Brushless DC motor control

I am in the process of selecting the components for my first Arduino project and would appreciate your advice so that I can continue procuring components/modules. My apologies that this turned out to be such a long post, but I’ve spent enough time reading on here to learn that the devil is always in the details and it’s usually the tiny factiod that finally comes out 20 posts down that determines the solution…

Background:
I am building a controller for my charcoal smoker. I know that there are several “smoker” examples around, but most (if not all?) of them are built around an electric (110/220v) heating element as a heat source. With a charcoal smoker, the chamber temperature is controlled by adjusting the airflow into the chamber. There are literally two ball-valves that are adjusted periodically (opened more, closed a bit) to maintain the desired temperature.

Objective:
Regulate chamber temperature to maintain the selected temperature using a 12v blower fan (instead of the current ball valves).

Strategy:

  • I will be using an Arduino Mega for the “brains” of the operation. (A “Mega” is overkill for this project, but this is my first Arduino project and will likely keep the Mega as my “project development board” and transfer the project(s) to other/smaller Arduinos as they are put into service.)

  • I will be using a K-type thermocouple to monitor the chamber temperature (with a thermocouple amplifier board between the between the thermocouple and the Arduino).

  • I will increase/decrease (or turn off) a 12v fan (something like THIS one on Amazon) depending on the current chamber temperature. The airflow from the fan (or lack of) will determine the temperature of the chamber. More air = Higher temperature.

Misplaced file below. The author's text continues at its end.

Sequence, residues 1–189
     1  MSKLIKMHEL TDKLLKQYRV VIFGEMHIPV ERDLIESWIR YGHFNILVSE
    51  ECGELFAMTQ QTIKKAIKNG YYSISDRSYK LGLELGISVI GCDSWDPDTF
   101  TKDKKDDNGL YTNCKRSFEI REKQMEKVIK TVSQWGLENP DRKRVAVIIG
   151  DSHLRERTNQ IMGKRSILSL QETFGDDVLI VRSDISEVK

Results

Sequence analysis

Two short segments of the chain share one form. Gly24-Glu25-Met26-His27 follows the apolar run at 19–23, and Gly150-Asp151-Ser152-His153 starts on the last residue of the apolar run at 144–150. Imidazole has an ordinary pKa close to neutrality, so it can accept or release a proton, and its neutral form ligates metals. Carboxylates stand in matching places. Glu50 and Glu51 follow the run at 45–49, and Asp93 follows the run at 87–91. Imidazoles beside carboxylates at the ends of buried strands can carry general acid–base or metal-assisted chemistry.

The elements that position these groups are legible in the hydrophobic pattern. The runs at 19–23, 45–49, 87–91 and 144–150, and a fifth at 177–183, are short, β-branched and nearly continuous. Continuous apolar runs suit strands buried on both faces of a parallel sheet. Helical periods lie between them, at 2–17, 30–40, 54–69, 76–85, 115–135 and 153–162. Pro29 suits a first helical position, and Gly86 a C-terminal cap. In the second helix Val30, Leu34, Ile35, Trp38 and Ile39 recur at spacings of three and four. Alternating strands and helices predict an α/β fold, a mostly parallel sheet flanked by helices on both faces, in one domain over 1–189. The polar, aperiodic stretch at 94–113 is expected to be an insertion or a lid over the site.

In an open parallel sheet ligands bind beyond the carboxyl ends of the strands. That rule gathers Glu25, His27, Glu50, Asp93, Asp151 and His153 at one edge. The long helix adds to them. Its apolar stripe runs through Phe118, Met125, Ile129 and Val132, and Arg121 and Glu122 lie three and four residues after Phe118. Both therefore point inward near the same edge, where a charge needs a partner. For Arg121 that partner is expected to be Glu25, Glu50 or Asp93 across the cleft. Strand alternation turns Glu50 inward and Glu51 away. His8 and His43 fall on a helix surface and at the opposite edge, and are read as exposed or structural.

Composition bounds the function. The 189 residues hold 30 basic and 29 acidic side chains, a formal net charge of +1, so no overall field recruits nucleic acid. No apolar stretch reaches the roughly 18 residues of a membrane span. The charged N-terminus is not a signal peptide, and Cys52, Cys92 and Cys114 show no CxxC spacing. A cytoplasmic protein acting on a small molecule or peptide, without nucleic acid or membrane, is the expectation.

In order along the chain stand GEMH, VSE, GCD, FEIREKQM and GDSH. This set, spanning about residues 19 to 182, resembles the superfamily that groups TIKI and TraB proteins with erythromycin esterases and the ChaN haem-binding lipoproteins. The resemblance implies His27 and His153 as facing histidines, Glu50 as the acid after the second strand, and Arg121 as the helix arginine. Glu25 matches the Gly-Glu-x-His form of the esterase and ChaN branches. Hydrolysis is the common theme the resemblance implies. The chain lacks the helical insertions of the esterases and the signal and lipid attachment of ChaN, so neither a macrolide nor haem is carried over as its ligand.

Concerns/Comments:

  • The most common 12v fans in the 10-15CFM range (and sub $15) are clearly PC cooling fans.

  • PC cooling fans are almost always brushless.

  • Brushless motors do not like to be driven with a PWM signal. (<-- this would have clearly been the easiest solution)

  • I would really like to vary the speed of the fans in order to have more control over the temperature.

  • I have been searching off and on for the past several days and have not come up with a “fool-proof” solution for adjusting the speed of a brushless fan.

  • From what I’ve read/learned, the speed of a brushless fans can be reliably (and happily) adjusted by varying the applied voltage.

  • Some people have had luck controlling the speed of a brushless fan using PWM with a very low switching frequency.
    My background/Capabilities:
    I am a Mechanical Engineer and took a couple EE classes almost 20 years ago. I remember that V=IR and that P=IV, but designing a circuit from components is well above my ability. My ego is not bruised whatsoever buying pre-fab boards and/or shields. I’m mostly interested in the final product and the logic design/integration processes.